You should be aware of a few rules that apply to local groups:
- Local group membership is limited to accounts from the local machine.
- Local groups can’t be part of other groups.
- You can’t create local groups on domain controllers, because domain controllers don’t keep a set of security accounts that function separately from the domain security accounts.
Domain Local Groups
Domain local groups function similarly to local groups, except that their use is more widespread. Domain local groups can be used to protect resources anywhere within the domain. A domain local group can contain users from any domain, but it’s limited to regulating resources in the same domain in which the group exists.
Global groups function the opposite of domain local groups. Global groups can accept members only from the local domain. However, they can regulate resources located in any domain.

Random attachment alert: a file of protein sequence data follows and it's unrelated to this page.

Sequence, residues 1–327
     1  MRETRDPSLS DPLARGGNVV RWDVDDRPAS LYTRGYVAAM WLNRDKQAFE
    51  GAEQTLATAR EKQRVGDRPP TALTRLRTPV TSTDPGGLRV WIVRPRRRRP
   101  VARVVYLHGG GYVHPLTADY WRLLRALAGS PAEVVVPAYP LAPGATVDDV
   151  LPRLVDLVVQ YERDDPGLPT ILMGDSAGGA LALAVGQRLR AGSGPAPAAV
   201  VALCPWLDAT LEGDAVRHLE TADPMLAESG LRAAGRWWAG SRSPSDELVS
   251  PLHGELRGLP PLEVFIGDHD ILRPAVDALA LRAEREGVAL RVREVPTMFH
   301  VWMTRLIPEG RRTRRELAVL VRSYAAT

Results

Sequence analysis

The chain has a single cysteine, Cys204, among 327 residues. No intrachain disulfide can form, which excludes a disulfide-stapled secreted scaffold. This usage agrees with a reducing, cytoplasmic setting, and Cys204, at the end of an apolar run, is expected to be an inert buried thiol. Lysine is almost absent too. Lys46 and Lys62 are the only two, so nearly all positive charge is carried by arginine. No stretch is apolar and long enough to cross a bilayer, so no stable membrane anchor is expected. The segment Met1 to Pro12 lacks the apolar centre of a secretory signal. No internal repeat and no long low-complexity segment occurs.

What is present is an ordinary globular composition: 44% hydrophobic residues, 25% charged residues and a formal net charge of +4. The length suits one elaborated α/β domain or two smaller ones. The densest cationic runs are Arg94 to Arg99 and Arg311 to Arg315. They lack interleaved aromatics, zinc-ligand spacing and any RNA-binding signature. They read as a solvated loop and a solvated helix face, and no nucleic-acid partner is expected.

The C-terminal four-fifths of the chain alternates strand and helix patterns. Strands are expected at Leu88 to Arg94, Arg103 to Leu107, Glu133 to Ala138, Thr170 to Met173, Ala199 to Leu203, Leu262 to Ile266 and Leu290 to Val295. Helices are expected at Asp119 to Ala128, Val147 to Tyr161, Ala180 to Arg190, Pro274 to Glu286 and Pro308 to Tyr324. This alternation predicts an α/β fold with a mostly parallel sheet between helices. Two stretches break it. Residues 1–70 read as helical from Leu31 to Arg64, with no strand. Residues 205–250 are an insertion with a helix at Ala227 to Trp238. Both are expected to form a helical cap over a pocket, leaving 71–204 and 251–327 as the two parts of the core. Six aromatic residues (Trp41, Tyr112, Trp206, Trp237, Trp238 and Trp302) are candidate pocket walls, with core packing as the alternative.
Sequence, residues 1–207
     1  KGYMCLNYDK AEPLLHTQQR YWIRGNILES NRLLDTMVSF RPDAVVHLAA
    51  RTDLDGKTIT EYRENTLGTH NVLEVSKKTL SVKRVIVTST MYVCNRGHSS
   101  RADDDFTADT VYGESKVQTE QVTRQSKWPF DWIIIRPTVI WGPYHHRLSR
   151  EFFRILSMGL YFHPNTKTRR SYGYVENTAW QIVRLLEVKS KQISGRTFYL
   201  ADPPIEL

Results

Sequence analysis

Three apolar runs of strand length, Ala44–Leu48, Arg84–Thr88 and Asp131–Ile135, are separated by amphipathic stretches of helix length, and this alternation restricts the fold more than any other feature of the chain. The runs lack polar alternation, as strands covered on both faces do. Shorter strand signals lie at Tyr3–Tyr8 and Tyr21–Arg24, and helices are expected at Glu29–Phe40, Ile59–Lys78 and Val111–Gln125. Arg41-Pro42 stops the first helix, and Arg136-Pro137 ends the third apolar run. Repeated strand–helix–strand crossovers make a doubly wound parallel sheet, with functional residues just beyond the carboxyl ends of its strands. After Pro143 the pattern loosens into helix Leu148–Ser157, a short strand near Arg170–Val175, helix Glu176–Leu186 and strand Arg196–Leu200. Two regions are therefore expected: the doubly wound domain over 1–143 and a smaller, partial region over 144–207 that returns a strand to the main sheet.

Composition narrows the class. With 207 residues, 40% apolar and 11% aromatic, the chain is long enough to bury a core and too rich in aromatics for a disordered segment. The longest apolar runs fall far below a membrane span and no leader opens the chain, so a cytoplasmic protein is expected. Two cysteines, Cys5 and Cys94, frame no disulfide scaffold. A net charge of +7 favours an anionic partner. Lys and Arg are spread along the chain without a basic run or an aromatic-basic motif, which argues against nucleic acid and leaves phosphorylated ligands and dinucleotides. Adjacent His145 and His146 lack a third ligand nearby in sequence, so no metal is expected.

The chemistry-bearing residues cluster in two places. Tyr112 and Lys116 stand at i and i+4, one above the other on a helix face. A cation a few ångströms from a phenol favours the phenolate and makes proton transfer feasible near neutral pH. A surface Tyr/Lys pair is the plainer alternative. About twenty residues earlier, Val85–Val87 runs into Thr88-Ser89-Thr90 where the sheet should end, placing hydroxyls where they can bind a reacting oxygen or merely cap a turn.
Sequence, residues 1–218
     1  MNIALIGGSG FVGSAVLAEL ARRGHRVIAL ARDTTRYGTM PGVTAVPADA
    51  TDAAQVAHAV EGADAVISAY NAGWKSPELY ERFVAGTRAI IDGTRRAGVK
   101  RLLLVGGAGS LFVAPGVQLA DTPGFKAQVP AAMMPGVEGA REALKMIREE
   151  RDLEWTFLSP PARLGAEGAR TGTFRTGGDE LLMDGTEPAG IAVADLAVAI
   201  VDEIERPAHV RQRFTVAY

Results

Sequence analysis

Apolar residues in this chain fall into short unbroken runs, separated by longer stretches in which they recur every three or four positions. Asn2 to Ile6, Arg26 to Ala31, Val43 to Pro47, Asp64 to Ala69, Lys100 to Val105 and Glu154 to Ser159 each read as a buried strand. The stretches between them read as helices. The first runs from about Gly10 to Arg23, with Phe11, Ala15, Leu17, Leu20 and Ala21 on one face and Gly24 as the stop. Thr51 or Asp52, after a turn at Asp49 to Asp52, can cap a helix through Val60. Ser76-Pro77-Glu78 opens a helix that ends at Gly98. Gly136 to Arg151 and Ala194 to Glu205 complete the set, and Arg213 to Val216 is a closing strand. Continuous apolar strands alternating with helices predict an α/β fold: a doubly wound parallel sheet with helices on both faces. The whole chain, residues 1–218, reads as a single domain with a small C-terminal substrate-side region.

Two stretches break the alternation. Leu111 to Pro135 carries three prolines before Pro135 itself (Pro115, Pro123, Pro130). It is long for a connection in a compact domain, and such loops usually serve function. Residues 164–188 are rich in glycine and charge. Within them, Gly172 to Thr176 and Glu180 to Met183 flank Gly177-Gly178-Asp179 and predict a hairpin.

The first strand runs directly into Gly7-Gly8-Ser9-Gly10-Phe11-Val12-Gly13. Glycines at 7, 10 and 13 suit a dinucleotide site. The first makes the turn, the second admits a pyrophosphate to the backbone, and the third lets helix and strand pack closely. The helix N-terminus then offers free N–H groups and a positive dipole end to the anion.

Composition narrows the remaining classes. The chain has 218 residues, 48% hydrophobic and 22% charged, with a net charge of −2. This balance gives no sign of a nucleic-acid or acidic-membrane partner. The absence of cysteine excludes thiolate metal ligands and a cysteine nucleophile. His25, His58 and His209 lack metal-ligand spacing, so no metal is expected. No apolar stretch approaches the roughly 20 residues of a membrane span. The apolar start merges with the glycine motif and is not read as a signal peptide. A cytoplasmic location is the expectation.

If you’ve got a big network, then you’ll probably be using universal groups quite extensively. As you might have guessed, universal groups have very few restrictions. A universal group can contain members from any domain in the organization. It can also regulate resources that exist within any domain in the network. The only limitation to universal groups is that they exist only in the Active Directory’s native mode. If you have any Windows NT domain controllers on your network, you can’t use universal groups.
As I mentioned earlier, groups can contain other groups. This concept is known as group nesting. Group nesting is most effective on large networks but can be used on any size network.